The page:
The Stand is rather unique. A super flu virus, dubbed Captain Trips by its sufferers is released across America which wipes out more than 99% of the population, despite increasingly draconian efforts by the US government to cover up the fact: introduce martial law to a disintegrating social order and even infect other countries with strains of the virus too.What is truly unique however, is all of this is dealt with summarily in less than a week of real time, and less than twelve hours of the book’s monstrous 46 hour length. This is because after King has set the stage the real conflict begins. Through prophetic dreams some survivors are led to Mother Abigail, a saintly 108 year old Christian woman who speaks for God and the forces of good. Others however are led to Randall Flagg, The Dark Man, a creature whose been walking the highways of America in rundown cowboy boots, waiting for its hour to come around at last and the chance to forge a new society of torture and tyranny. So the stage is set for a confrontation of good and evil of quite literally biblical proportions, a confrontation which will lead to one simple moment, The Stand. - Floresiensis




(Non-fiction)

Impact of animal infections


The entire book is a most trenchant eye-opener to just how much of an impact animal infections have on people; approximately 60% of human infectious diseases are zoonoses, 'animal [infections] transmissible to humans'.The stories of how the outbreaks of these zoonoses happen are told, all saying something about what determines the level of the detrimental effects they have on people. Historically, rather dramatic events have preceded the discoveries of the pathogens responsible. The book starts with the mysterious deaths of horses, horse trainers and cane farmers in the Australian town Hendra, caused by what was found to be a new virus. The 1996 deaths of 18 people who died after eating a chimp cadaver in Mayibout 2, Gabon, was in fact a case announcing the re-emergence of Ebola in six different central African countries. In more recent times, SARS entered the limelight for a while, when a 78 yr old woman flew from Hong Kong to Toronto, taking a stealthily spreading endemic global. Possibly more disconcerting than all of these is the story of what might be the universally scariest pathogen, HIV, with stronger and stronger links being established between SIV and the currently dominant Next Big One in the lineage of transmissible diseases. - The Book Bag




(Fiction)

Grave Medical Crisis


When the director of a Los Angeles health maintenance clinic succumbs, along with seven patients, to an untreatable – and virulently contagious –virus, Atlanta's Center for Disease Control goes on red alert. Unless the virus is isolated and checked, mankind may be facing its gravest medical crisis since the Black Death. Assigned by the CDC to investigate the disease, Dr. Marissa Blumenthal is soon caught up in the ultimate nightmare. The California case is merely the first in a burgeoning series of outbreaks that occur in unrelated geographical areas but with puzzling commonalities: The locations are always health-care facilities, and the victims are only physicians and their patients. As her investigation takes increasingly bizarre turns, Marissa finds that behind the natural threat lurks a far more sinister possibility: sabotage.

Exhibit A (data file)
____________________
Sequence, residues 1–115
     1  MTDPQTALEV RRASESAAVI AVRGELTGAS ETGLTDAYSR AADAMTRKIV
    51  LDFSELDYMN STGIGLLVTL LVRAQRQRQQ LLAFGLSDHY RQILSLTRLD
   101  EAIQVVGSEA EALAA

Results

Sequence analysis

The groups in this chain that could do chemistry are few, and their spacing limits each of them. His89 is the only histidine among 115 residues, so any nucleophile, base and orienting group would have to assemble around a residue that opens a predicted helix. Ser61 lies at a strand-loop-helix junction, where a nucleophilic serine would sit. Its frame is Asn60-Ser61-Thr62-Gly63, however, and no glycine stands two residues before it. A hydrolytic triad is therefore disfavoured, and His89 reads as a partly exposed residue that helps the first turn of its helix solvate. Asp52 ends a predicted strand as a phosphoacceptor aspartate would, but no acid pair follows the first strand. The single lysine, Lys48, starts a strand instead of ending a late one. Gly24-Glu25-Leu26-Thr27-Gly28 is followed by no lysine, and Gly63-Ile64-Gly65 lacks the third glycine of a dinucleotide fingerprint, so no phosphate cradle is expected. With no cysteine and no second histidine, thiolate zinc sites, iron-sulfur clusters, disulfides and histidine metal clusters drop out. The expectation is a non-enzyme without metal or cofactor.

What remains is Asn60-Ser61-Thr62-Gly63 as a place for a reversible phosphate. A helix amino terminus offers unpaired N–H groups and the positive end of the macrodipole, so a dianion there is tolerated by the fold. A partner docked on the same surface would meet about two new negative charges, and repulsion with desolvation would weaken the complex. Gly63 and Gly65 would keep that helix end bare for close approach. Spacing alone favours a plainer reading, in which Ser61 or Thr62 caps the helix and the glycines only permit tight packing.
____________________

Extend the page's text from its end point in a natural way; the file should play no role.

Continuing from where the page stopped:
(Fiction)

Frenzy to Survive


August, 1793. Heat hangs ominously over the city of Philadelphia in what seems to fourteen-year-old Mattie like a never-ending heat wave. But is not the heat that has everyone cranky and tired. A fever is running rampant. Soon enough the sick count throughout Philadelphia climbs, the bell tolls in more dead as steadily as a heartbeat, and the graveyards fill. the most striking aspect of the novel is witnessing the reactions the illness brings out in seemingly average people. The cruelty that the frenzy dictates: abandoning sick friends and family, throwing those whose eyes have the slightest yellow tint to die in the streets, and locking the doors against anyone in need. FEVER is a shining example of historic fiction.  - Kate Torpie




(Non-fiction)

Beating the Devil


The universal human instinct is to run from an outbreak of disease. These doctors run toward it.They are the disease detective corps of the U.S. Centers for Disease Control and Prevention, the federal agency that tracks and tries to prevent disease outbreaks and bioterrorist attacks around the world. They are formally called the Epidemic Intelligence Service — a group founded more than fifty years ago out of fear that the Korean War might bring the use of biological weapons — and, like intelligence operatives in the traditional sense, they perform their work largely in anonymity. They are not household names, but over the years they were first to confront the outbreaks that became known as hantavirus, Ebola virus, and AIDS. Now they hunt down the deadly threats that dominate our headlines: West Nile virus, anthrax, and SARS.




(Non-fiction)

A Look at the AIDS Crisis


Few pieces of literary journalism are as epic and as in-depth as this one. Shilts leaves very few stones unturned, which is a high compliment when dealing with an issue as complex and wide in scope as the 1980s AIDS crisis.And the Band Played On was published in a decade that not only saw the world transformed by the AIDS crisis, but saw journalism trying to perfect its new art form of literary journalism. Shilts was a pioneer who helped show that journalism has no limits or boundaries; it can tell a fictional story that is also fact. Shilts proved how dedicated he was to documenting the early story of AIDS. It’s incredibly rare to ever find work this detailed and that’s why this text is a remarkable piece of history. - Stephanie Farnsworth



Get these books today, before is too late!


Station Eleven
$10.99
The Stand
$8.99
The Hot Zone
$8.99
The Great Influenza
$13.99
Spillover
$17.99
Pandemic
$15.99
Outbreak
$7.99
Fever 1793
$6.99
Beating Back the Devil
$11.99
And the Band Played On
$13.99